Top tips for crafting homemade sodas
By Simon McGoram
Photography by Steve Brown
Presented by Jean Munos, Felix, Sydney
Carbonated water, seltzers or soda water have been a popular phenomenon since the late 18th Century when one Joseph Priestley first discovered a method of infusing water with carbon dioxide to make carbonated water in 1767. Commercial applications, however, were pioneered by Jacob Schweppes – a German born, naturalised Swiss watchmaker and tinkering scientist who founded the Schweppes Company, in Geneva, in 1783. Since this time carbonated water and flavoured effervescent drinks have become a mainstay of the bar and a profitable concern for major multinationals.
To give carbonated water its sparkle carbon dioxide (CO2) must first dissolved into water (H20) which is best achieved under pressure. When the pressure is released so too is the CO2 reverting back into gas as it escapes solution.
Originally carbonated waters were believed to have curative properties being a remedy for feverish ailments, an excess of bile, nervous affections and the debilitating consequences of hard living. More recently carbonated water has been accused of causing tooth decay due to its low acidity. Both claims are absolute nonsense. Fizzy water really is just water with bubbles – it’s the addition of sugars which cause a health risk.
“Originally carbonated waters were believed to have curative properties being a remedy for feverish ailments, an excess of bile, nervous affections and the debilitating consequences of hard living.”
Flavoured sodas, however, are immensely popular despite the toothache they may cause. And so they should be – they’re darned tasty and mix amiably with another one of life’s great faux curatives – alcohol.
Some of today’s most common mixers, tonic water, cola and ginger ale were all invented during the 18th and 19th centuries and they continue to be big sellers around the globe though the range of flavours now available is dizzying.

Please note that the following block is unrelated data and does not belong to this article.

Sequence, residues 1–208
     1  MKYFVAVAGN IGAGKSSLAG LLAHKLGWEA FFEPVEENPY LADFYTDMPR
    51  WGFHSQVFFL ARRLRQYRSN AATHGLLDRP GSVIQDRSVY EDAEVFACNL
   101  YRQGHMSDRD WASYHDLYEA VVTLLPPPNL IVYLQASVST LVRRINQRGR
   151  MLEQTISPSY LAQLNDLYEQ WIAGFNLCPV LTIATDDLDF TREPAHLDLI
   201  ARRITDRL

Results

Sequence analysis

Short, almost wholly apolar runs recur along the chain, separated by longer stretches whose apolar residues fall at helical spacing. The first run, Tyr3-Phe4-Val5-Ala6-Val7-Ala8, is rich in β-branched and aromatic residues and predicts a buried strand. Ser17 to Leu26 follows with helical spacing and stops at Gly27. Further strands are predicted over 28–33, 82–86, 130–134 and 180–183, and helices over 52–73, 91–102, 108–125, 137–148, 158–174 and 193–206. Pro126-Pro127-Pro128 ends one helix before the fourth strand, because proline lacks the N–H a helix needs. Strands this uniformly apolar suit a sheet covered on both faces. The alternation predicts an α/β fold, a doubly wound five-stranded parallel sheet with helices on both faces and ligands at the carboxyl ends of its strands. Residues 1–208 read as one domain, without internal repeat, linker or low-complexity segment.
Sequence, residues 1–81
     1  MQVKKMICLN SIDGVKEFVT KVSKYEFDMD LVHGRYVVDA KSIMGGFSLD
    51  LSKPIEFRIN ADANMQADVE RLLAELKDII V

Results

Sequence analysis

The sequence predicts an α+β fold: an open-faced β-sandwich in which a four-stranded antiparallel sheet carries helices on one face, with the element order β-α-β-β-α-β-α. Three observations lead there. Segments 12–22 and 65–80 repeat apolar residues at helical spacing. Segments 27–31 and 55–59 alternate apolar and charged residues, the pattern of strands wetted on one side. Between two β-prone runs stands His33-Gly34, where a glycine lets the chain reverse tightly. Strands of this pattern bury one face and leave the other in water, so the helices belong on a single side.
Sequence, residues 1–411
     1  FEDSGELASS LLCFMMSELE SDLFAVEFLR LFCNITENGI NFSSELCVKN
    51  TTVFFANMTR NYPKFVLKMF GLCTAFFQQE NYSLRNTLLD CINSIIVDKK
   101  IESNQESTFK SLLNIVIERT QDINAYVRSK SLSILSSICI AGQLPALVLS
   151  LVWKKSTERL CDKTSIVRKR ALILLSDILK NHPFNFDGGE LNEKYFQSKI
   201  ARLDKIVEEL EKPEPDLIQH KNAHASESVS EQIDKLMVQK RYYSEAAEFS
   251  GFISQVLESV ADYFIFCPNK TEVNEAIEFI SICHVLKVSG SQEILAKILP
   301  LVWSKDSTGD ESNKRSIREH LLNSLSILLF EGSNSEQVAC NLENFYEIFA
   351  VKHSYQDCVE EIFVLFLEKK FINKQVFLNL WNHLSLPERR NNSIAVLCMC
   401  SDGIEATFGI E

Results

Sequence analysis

Soda siphons reached the peak of their popularity during Prohibition. Flavoured sodas were instrumental in masking the flavour of illicit hooch and plain old carbonated water in a siphon also acted as a handy fire extinguisher. Soda Stream, a domestic appliance for imbuing water with CO2, was hugely popular in the 1970s and ’80s. The appliance still has a cult following and now we are seeing the return of the soda siphon in bars too.
The beauty of the soda siphon in modern bars is that you’re able to come up with flavours unique to your venue and create quick and easy cocktails.
The recipe below is for ginger soda – a spicy, modern interpretation of ginger ale which can also be substituted for ginger beer in several popular mixed beverages.
100ml Ginger juice
130ml Fresh lemon juice (strained)
200ml The Simple Syrup Co. Raw Sugar Syrup
Dark and Stormy
45ml Inner Circle Red Dot
15ml Lime juice
120ml Ginger Soda
Build in a rocks glass with ice and garnish with half a lime shell.
45ml Larios 12 Gin
20ml Lime juice
15ml Home-made raspberry syrup or fresh raspberries
120ml Ginger soda
Shake and strain into an ice filled highball. Charge with ginger soda and garnish with a lime wedge or fresh raspberries.
45ml Don Julio Blanco
20ml Lime Juice
15ml Crème De Cassis
120ml Ginger soda
Build in an ice filled highball. Garnish with a lime wedge.